This should add the Questions app to your personal page and for all pages for which you’ve got admin privileges. If not, repeat step one and two for the specific Page in question. A pop-up box will open confirming that Questions have been added to your Page.

3. Start asking questions!

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A modest proposal for effective hashtags

Twitter Hashtags serve two purposes – to categorize tweets and as a tracking mechanism to see how far a particular tweet and tweet theme spreads which can be measured using tools such as TweetReach. An effective hashtag should be as unique as possible.

You can quickly see the problem with non-unique hashtags. For example, various Oregon State and Ohio State Twitter accounts both use the hashtag #OSU, so their tweets are always categorized together, even though they shouldn’t be. While it’s not as short, I recommend that each university use a more unique hashtag. Perhaps #ORESTATE for Oregon State and #OHSTATE for Ohio State?

Consider this for your own tweets. If you want to track them later, using generic hashtags such as #monday isn’t going to help.



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New Ohio 529 Plan domain name fails to follow simple rules for success

When I advise clients on selecting a domain name, I consider two factors – offline memorability and potential impact on search engine rankings. Success in both areas is usually achieved by adhering at least two of the following simple rules:

  1. Make it as short as possible – think,,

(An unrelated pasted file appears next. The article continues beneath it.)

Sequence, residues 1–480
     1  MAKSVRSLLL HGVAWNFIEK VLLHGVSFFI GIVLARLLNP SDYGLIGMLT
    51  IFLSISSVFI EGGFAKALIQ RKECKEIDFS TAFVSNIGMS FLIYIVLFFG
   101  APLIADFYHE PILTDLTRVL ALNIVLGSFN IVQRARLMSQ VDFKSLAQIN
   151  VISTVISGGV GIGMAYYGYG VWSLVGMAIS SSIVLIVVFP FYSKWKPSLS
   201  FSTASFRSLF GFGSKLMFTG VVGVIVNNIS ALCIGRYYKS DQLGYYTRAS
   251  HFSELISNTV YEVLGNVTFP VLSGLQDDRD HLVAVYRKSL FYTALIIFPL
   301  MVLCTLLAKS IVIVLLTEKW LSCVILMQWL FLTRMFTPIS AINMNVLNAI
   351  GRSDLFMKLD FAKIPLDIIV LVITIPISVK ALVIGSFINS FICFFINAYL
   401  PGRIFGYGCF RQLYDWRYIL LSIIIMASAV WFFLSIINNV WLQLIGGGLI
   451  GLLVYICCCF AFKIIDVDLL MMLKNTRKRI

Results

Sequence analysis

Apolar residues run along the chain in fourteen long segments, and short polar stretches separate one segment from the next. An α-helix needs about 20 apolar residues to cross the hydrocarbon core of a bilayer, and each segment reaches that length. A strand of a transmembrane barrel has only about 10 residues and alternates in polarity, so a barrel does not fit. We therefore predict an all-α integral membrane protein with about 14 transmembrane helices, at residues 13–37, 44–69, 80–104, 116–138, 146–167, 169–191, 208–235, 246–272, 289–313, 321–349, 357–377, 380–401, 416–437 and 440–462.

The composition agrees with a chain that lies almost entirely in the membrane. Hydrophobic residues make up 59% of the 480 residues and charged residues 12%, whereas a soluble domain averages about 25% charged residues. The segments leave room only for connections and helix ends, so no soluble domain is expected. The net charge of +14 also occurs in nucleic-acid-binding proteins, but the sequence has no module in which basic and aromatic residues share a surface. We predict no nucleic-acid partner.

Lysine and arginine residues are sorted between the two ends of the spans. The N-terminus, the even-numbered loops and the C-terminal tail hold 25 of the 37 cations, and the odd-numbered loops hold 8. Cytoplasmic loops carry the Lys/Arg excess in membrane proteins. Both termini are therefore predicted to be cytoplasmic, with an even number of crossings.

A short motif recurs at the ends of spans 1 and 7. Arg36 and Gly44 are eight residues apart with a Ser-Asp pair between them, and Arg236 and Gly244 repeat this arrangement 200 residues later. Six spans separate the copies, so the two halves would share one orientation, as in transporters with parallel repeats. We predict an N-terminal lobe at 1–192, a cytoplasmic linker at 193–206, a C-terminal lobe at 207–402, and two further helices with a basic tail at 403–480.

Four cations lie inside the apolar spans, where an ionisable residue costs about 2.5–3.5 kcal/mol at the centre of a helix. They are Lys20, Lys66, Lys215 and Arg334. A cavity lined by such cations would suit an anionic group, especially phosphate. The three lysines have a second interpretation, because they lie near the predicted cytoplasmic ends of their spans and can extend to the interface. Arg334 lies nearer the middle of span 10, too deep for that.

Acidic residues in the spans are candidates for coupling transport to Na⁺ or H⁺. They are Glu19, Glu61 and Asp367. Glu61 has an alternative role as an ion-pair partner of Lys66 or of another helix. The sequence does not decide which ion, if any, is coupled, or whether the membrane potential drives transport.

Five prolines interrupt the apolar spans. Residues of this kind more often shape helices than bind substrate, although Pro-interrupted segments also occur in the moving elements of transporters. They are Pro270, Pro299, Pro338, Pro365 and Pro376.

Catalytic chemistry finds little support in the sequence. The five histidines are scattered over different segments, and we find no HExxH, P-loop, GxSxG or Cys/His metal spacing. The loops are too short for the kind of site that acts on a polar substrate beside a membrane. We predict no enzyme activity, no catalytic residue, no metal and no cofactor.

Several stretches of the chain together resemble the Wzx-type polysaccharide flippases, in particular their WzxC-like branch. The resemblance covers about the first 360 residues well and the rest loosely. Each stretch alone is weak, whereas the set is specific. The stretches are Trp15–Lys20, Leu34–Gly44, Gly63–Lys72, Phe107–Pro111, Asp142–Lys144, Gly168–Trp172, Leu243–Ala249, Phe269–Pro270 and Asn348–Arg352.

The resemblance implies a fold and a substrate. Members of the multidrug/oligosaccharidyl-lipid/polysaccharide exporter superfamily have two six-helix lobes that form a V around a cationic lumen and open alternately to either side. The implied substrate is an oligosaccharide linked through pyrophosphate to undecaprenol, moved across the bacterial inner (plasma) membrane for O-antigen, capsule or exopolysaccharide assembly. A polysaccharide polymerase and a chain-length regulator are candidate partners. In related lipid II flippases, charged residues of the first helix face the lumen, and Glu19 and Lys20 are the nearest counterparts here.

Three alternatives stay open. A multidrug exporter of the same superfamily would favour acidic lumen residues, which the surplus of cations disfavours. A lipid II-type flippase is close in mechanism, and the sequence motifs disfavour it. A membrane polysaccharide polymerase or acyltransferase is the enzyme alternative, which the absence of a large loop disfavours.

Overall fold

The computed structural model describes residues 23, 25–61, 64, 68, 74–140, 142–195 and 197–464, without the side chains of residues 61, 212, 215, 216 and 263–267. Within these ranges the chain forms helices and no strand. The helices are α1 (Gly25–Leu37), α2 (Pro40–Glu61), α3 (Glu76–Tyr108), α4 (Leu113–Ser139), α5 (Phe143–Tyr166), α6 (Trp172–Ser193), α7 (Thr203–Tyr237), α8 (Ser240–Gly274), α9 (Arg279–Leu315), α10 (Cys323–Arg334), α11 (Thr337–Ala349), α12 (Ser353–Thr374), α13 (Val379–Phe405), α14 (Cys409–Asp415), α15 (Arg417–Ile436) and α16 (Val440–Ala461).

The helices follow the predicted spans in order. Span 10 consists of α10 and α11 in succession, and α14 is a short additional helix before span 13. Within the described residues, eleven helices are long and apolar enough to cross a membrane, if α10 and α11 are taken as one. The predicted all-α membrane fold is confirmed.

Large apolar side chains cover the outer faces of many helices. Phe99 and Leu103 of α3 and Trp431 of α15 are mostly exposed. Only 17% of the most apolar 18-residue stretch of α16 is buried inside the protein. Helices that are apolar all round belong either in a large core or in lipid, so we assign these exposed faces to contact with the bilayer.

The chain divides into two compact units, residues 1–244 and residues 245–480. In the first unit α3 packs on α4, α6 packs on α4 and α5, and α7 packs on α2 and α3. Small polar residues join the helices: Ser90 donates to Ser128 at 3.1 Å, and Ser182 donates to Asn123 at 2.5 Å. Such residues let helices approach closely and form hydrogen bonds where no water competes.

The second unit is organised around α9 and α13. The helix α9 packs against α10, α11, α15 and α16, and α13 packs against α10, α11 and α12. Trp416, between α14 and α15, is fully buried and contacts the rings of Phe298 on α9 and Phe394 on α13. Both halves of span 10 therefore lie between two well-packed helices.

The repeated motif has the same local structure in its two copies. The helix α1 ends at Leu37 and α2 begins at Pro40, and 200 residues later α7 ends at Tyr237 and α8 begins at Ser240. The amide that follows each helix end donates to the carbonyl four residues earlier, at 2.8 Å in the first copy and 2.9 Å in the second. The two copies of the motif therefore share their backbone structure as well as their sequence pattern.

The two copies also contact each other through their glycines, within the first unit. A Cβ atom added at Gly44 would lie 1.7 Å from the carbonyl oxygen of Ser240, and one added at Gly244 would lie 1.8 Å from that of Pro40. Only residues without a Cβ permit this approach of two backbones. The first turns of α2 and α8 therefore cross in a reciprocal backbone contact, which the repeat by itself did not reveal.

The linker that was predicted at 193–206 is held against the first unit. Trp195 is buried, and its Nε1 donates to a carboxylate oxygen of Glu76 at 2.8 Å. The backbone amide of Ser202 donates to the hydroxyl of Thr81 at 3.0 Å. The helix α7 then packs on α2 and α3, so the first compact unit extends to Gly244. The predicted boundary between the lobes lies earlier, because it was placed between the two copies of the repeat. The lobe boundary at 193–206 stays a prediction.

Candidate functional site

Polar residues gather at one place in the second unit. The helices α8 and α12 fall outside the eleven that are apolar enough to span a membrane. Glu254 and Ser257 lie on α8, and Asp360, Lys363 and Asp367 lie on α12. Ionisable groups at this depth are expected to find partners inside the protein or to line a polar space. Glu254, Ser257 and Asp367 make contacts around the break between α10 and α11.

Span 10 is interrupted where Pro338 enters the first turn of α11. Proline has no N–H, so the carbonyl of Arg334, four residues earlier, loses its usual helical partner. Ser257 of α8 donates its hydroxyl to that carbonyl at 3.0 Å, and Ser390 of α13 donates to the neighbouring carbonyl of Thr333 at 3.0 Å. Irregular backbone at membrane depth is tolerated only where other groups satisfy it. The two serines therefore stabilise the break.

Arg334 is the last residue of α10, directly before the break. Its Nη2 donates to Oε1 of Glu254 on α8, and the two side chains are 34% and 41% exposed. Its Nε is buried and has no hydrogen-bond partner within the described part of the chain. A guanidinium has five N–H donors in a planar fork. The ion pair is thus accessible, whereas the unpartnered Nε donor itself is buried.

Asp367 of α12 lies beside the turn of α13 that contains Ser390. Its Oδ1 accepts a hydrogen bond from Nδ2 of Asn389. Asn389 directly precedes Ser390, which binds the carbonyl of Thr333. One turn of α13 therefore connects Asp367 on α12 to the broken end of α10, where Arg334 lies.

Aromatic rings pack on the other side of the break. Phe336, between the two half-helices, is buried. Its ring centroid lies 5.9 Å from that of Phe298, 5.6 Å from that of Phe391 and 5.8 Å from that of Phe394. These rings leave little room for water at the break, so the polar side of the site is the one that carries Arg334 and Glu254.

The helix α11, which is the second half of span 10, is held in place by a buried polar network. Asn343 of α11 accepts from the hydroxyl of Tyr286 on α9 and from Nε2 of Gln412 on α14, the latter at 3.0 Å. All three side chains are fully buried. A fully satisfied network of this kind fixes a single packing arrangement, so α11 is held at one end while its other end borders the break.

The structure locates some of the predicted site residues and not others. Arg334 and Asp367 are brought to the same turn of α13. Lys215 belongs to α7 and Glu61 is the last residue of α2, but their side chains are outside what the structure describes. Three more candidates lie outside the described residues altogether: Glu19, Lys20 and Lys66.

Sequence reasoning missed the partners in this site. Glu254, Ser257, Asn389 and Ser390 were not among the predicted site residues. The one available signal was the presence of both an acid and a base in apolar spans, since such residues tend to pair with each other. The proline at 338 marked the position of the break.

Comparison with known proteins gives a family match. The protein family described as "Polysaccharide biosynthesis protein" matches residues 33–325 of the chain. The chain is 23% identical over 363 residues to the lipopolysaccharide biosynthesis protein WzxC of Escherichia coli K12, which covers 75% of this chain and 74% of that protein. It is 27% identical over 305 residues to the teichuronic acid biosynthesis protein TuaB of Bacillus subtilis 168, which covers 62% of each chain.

2. Make it unique – see above examples.
  3. Make it dead obvious and related to the core topic – is a great example.

The domain name for the recently redesigned Ohio 529 plan website,, fails to follow any of the rules. It’s too long and about as un-unique as a domain name can be due to its overuse of generic words and absence of words connected to either the site’s focus (college savings) or the “brand” (Ohio’s college savings plan). Data suggests that it’s failing:

Domains like this will almost always fail because domains aren’t designed to be branding exercises, they are tools to reach a website. My recommendations would be:

  • (if it wasn’t already taken)
  • (still available!)

A domain like isn’t sexy, but would be highly effective.

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Video: Me discussing social search at the Columbus Social Club

Here’s me in action at the November meeting of the Columbus Social Media Club discussing a top trend for 2011 – Social Search:

Comments? Fire away! Be sure to watch the other videos also. The lunch was packed with dynamic speakers providing great insights for 2011.

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Major Google Update – Local results now mixed with organic

Google has released a huge change to how search results are displayed for searches that include a local qualifier (e.g., “pizza columbus ohio”). No longer will you see a map above the organic search results – Now,  Google is integrating the local results into the main organic results and placing the map to the right.

The impact of this change seems to be any website that doesn’t have a physical address in the location that people are searching for will probably no longer be able to rank for local based queries. To state it another way, if a website ranked highly on the old map listings, it will probably rank highly in the new organic listings.  Check out this search for pizza Columbus Ohio – note the absence of national pizza chains:

Check Google results for your website. Is it time for some changes?